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Stickney Hill and the Rockville Water System

For most of the twentieth century a pair of standpipes stood atop Stickney Hill in Rockville providing high pressure water to the city below for factories, homes and fire department. Although gone now they were an important piece of Rockville's history helping to make the city as prosperous as it was.

The Manchester Land Conservation Trust's (MLCT) acquisition of Stickney Hill in December 2016 has stimulated an interest in the site's history. Although the standpipes were on land still owned by the Connecticut Water Company the pipeline from the pumping station to the standpipes crosses MLCT's preserve.

Investigating the standpipes led to curiosity about how the public water system in Rockville evolved. This page is divided into two sections - the development of Rockville's water system and how that affected Stickney Hill. Click on images for larger size.

The Rockville Waterworks

1937 Rockville Water System Map
Shenipsit Lake dam and pump house in 1904 when standpipes were built.

Large mills came to the Rockville area in the 1820's, with the first power looms at Rock Mill in 1821. What attracted them to the upper Hockanum Valley was Shenipsit Lake, which provides a large and consistent flow of water. Growth of the city was steady and expanded significantly in the late 1840's.

At this time each mill was an independent fiefdom providing housing and services for its mill and employees. Mill owners cooperated to control the flow of Hockanum River water to the mills ensuring they could all thrive. However, as manufacturing waste was dumped into the river it was not safe for other uses.

As the area grew the need for a clean supply of water for factories as well as domestic uses and fire protection became evident. In 1834 a group of mill owners formed the Rockville Manufacturing Company and purchased Payne's Mill and the Shenipsit Lake dam. They erected a three and a half foot stone and gravel dam and began selling water to parts of Rockville.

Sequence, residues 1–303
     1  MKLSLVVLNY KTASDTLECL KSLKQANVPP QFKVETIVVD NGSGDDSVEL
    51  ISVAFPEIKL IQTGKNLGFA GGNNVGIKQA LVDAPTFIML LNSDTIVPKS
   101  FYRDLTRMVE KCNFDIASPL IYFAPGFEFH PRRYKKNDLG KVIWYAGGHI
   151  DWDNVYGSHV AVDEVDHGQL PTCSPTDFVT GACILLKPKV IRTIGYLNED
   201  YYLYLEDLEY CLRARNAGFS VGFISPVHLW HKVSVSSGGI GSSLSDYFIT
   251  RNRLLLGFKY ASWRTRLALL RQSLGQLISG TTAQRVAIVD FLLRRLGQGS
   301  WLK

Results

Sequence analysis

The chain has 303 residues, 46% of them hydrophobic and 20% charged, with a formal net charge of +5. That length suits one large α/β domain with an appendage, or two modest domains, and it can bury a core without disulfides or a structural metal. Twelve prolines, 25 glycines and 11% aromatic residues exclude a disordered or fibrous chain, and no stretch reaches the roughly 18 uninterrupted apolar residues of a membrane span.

In 1847 The Rockville Aqueduct Company was organized by the mill owners and the Shenipsit dam was raised by 10 feet. This was for two purposes: to protect water rights along the river, and to bring water to more homes. The company built a gravity system that began service that same year using cement-lined wrought-iron pipes. The company's first main was an 8-inch cement pipe. The first line of pipe came down to what was then a reservoir basin in Central Park. This reservoir basin supplied the lower part of the village.

1937 Rockville Water System Map
Pump & tanks at
Shenipsit Lake dam in 1972.

In 1863 the railroad spur from Vernon Depot to Rockville opened leading to additional growth in the area. Just from 1858 to 1871 the population grew from 500 to 4,500. The limited resources of the water company were unable to meet the demands of local residents, leading to the reorganization and incorporation of the Rockville Aqueduct Company in 1866 "for the purpose of supplying the village of Rockville, in the town of Vernon, with an abundant supply of pure water for public and domestic use." It was said the supply of water was equal to the demands of a population of 40,000.